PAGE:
string OK. When it receives OK, the string ATDT5551212 to dial the telephone. The expected string  is
       CONNECT.  If  the string CONNECT is received the remainder of the script is executed. However, should
       the modem find a busy telephone, it will send the string BUSY. This will cause the  string  to  match
       the abort character sequence. The script will then fail because it found a match to the abort string.
       If it received the string NO CARRIER, it will abort  for  the  same  reason.  Either  string  may  be
       received. Either string will terminate the chat script.

       This  sequence  allows for clearing previously set ABORT strings.  ABORT strings are kept in an array
       of a pre-determined size (at compilation time); CLR_ABORT will reclaim the space for cleared  entries
       so that new strings can use that space.

       The  SAY  directive allows the script to send strings to the user at the terminal via standard error.
       If chat is being run by pppd, and pppd is running as a daemon (detached from its  controlling  termi-nal), terminal),
       nal), standard error will normally be redirected to the file /etc/ppp/connect-errors.

       SAY  strings must be enclosed in single or double quotes. If carriage return and line feed are needed
       in the string to be output, you must explicitely add them to your string.

       The SAY strings could be used to give progress messages in sections of the script where you  want  to
       have 'ECHO OFF' but still let the user know what is happening.  An example is:

              ABORT BUSY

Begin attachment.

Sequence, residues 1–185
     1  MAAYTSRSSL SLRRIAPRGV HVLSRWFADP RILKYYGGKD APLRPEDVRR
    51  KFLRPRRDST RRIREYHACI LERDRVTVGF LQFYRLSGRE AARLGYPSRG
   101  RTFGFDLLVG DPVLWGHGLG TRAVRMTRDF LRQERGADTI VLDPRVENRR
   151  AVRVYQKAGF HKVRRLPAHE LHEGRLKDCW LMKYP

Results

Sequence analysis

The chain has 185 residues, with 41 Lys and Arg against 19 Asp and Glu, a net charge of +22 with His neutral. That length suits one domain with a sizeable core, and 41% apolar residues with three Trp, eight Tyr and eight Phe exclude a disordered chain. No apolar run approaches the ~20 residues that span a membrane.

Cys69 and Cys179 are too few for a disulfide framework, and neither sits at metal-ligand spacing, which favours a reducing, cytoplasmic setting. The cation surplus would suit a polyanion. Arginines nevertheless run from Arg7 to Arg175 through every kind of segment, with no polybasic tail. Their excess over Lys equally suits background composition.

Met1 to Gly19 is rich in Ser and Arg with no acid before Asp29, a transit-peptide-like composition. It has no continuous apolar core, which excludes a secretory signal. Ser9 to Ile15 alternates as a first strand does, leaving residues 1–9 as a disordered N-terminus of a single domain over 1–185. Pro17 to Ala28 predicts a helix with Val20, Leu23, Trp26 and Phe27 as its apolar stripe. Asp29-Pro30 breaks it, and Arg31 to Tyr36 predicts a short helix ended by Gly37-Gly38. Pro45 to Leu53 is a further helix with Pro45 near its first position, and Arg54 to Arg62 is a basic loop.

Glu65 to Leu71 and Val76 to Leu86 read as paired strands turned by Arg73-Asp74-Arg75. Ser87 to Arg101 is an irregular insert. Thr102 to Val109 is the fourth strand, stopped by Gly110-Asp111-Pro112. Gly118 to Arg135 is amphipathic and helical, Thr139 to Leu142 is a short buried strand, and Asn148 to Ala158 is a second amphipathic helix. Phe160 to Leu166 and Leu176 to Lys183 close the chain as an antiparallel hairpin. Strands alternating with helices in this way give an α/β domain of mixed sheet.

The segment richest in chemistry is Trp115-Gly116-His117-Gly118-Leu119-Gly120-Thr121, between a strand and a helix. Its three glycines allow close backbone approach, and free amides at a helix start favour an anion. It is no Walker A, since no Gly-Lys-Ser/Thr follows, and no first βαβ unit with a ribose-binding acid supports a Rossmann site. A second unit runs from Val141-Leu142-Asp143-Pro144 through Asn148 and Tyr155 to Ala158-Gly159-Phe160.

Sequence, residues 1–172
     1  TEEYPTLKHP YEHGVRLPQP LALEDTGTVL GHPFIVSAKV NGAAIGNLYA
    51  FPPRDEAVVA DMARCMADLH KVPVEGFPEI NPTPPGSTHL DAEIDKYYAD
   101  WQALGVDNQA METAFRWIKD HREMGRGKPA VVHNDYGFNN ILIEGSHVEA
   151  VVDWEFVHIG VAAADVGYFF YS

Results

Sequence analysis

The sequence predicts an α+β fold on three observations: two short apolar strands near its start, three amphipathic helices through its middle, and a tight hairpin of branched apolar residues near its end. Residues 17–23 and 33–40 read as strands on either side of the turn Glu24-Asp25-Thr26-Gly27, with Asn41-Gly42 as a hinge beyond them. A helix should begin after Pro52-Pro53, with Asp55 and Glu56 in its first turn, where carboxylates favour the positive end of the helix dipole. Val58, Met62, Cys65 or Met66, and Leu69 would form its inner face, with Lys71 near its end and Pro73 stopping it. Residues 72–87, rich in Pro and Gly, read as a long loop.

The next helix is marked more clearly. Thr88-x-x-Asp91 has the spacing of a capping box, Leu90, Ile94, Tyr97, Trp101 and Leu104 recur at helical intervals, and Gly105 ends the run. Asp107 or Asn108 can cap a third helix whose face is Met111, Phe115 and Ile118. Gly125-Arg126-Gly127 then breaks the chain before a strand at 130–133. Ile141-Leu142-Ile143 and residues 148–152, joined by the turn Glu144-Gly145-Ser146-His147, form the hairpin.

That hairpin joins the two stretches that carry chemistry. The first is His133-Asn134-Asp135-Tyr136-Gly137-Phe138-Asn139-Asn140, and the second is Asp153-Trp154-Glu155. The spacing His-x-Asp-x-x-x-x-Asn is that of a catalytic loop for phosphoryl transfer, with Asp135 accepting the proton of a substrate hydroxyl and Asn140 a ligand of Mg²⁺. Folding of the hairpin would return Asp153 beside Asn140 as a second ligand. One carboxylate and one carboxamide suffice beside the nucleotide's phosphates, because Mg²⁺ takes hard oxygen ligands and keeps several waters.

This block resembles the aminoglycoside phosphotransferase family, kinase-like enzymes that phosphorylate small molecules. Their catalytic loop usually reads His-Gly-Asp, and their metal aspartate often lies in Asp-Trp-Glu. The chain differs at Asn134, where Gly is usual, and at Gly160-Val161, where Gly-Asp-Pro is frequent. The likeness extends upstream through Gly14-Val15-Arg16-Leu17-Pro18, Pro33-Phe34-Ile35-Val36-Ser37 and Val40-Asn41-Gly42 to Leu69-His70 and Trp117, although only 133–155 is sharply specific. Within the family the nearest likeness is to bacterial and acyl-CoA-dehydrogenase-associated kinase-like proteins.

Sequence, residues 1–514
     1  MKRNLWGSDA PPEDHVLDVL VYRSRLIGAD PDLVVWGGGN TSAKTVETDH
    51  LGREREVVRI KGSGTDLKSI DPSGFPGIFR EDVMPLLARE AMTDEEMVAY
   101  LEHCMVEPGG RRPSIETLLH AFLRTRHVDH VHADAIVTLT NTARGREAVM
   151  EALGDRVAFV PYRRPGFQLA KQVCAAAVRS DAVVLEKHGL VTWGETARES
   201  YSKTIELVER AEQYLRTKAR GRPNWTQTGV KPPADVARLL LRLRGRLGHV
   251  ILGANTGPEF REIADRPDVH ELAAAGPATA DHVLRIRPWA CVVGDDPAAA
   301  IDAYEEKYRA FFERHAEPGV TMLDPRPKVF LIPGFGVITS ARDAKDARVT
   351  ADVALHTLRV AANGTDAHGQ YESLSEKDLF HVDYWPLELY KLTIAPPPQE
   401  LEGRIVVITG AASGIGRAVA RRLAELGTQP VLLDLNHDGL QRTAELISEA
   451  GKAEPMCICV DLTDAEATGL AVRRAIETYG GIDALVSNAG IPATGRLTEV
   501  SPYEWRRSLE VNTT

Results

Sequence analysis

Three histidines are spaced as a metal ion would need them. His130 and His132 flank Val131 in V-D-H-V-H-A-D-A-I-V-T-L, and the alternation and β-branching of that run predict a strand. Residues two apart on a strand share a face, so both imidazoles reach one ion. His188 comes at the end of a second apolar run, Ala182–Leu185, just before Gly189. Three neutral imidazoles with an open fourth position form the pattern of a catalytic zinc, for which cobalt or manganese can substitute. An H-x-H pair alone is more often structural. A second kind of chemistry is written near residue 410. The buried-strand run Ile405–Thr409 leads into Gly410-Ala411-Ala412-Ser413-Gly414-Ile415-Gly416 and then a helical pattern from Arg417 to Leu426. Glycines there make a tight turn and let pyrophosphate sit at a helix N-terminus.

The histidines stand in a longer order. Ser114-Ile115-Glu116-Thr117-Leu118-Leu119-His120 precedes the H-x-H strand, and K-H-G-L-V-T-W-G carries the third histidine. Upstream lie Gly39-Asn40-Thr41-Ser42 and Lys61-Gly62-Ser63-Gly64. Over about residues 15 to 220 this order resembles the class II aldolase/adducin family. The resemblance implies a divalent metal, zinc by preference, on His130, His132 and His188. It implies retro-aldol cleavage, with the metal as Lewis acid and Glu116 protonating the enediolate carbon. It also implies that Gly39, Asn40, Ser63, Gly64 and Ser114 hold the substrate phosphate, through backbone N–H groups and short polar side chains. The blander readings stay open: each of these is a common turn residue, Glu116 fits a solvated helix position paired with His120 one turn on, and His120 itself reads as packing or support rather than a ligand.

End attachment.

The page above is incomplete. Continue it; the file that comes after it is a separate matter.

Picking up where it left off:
ECHO OFF
              SAY "Dialling your ISP...\n"
              '' ATDT5551212
              TIMEOUT 120
              SAY "Waiting up to 2 minutes for connection ... "
              CONNECT ''
              SAY "Connected, now logging in ...0
              ogin: account
              ssword: pass
              $ SAY "Logged in OK ...0 etc ...

       This  sequence  will  only present the SAY strings to the user and all the details of the script will
       remain hidden. For example, if the above script works, the user will see:

              Dialling your ISP...
              Waiting up to 2 minutes for connection ... Connected, now logging in ...
              Logged in OK ...

       A report string is similar to the ABORT string. The difference is that the strings, and  all  charac-ters characters
       ters to the next control character such as a carriage return, are written to the report file.

       The  report  strings  may  be used to isolate the transmission rate of the modem's connect string and
       return the value to the chat user. The analysis of the report string logic occurs in conjunction with
       the  other  string processing such as looking for the expect string. The use of the same string for a
       report and abort sequence is probably not very useful, however, it is possible.

       The report strings to no change the completion code of the program.

       These "report" strings may be specified in the script using the REPORT sequence. It is written in the
       script as in the following example:

              REPORT CONNECT ABORT BUSY '' ATDT5551212 CONNECT '' ogin: account

       This  sequence  will  expect nothing; and then send the string ATDT5551212 to dial the telephone. The
       expected string is CONNECT. If the string CONNECT is received the remainder of  the  script  is  exe-cuted. executed.
       cuted. In addition the program will write to the expect-file the string "CONNECT" plus any characters
       which follow it such as the connection rate.

       This sequence allows for clearing previously set REPORT strings.  REPORT strings are kept in an array
       of a pre-determined size (at compilation time); CLR_REPORT will reclaim the space for cleared entries
       so that new strings can use that space.

       The echo options controls whether the output from the modem is echoed to stderr. This option  may  be